You are here: Home Managing Your ... Drugs 101: ... How To Store ...
Information about all aspects of finances affected by a serious health condition. Includes income sources such as work, investments, and private and government disability programs, and expenses such as medical bills, and how to deal with financial problems.
Information about all aspects of health care from choosing a doctor and treatment, staying safe in a hospital, to end of life care. Includes how to obtain, choose and maximize health insurance policies.
Answers to your practical questions such as how to travel safely despite your health condition, how to avoid getting infected by a pet, and what to say or not say to an insurance company.

How To Store Drugs Safely


The following rules for storing drugs properly are important to follow to maximize the effect of a medication. See the other sections of this article for information about each rule.

  • Store drugs in their original container.
    • To eliminate the risk of confusing one medicine with another, store drugs in the original container, with the label which identifies it and gives directions, as well as the person for whom it was prescribed.
    • If you choose to use an over-the-counter convenience container, ask the pharmacist whether the container will affect the stability of your medicine.
  • Store drugs in a cool, dry place -- not the bathroom
    • According to the government: "Never store medicine in the bathroom. Unless instructed otherwise, keep it away from heat, light and moisture." Pills, tablets and other dry medicines are broken down by moisture. Medicated liquids and creams can be broken down by light or heat.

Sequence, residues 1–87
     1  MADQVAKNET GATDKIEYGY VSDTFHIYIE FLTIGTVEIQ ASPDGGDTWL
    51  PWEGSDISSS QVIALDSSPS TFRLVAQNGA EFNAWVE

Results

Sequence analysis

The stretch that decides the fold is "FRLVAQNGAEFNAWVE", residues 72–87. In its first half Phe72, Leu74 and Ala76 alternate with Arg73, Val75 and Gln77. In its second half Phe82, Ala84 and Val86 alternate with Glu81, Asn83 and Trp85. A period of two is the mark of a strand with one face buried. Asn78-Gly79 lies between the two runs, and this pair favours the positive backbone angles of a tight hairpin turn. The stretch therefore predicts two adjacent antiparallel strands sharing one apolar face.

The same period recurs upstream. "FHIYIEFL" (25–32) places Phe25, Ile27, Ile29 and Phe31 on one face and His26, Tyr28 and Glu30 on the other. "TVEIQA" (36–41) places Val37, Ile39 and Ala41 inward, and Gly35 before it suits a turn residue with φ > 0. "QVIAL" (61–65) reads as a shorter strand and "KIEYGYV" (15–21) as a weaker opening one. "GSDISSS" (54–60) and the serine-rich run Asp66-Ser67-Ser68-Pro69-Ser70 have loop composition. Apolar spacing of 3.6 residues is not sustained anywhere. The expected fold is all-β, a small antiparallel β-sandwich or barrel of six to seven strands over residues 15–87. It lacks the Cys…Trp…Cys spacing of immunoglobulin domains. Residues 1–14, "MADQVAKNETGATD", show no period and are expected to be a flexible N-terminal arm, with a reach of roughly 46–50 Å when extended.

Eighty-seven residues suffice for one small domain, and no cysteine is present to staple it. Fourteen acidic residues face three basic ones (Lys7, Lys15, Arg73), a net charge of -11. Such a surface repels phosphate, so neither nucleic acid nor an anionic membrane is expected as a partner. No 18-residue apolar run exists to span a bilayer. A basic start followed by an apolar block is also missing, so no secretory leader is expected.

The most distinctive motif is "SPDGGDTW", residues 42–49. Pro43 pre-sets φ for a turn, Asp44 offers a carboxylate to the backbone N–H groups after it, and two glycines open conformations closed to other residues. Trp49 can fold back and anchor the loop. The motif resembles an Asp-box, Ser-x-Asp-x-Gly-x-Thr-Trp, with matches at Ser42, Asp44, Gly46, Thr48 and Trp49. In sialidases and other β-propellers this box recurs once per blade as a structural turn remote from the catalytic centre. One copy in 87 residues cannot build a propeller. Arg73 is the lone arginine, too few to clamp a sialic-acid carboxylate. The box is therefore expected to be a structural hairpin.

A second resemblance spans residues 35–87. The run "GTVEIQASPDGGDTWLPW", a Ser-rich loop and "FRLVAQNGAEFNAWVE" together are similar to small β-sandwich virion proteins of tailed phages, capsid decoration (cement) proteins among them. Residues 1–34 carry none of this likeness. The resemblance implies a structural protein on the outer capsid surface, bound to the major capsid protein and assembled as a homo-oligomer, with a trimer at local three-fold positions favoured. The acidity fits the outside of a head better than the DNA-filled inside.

• Store drugs in a cool, dry place, in your bedroom - for example in a drawer or in an inexpensive fishing tackle box.
  • Do not store drugs in a refrigerator unless requested to keep a medication refrigerated. 
    • Refrigeration may cause medications to break down. 
    • Liquids can separate when refrigerated altering dosages.
  • Keep tubes of ointment or creams away from your toothpaste.
    • Tubes can feel very similar when making a quick grab on a rushed morning. The results can leave more that just a bad taste in your mouth.
  • Never leave your medications in your car or glove box of your car.
  • Keep your family's medications separate from those of household chemicalsMix-ups happen and they have the potential to be dangerous.
  • Keep drugs out of reach of children and pets. 
    • Some drugs are safer if kept under lock and key.
    • If you have children, or children come to your home, make sure that child safety caps are always secured.

Please share how this information is useful to you. 0 Comments


Post a Comment Have something to add to this topic? Contact Us.

Characters remaining:

  • Allowed markup: <a> <i> <b> <em> <u> <s> <strong> <code> <pre> <p>
    All other tags will be stripped.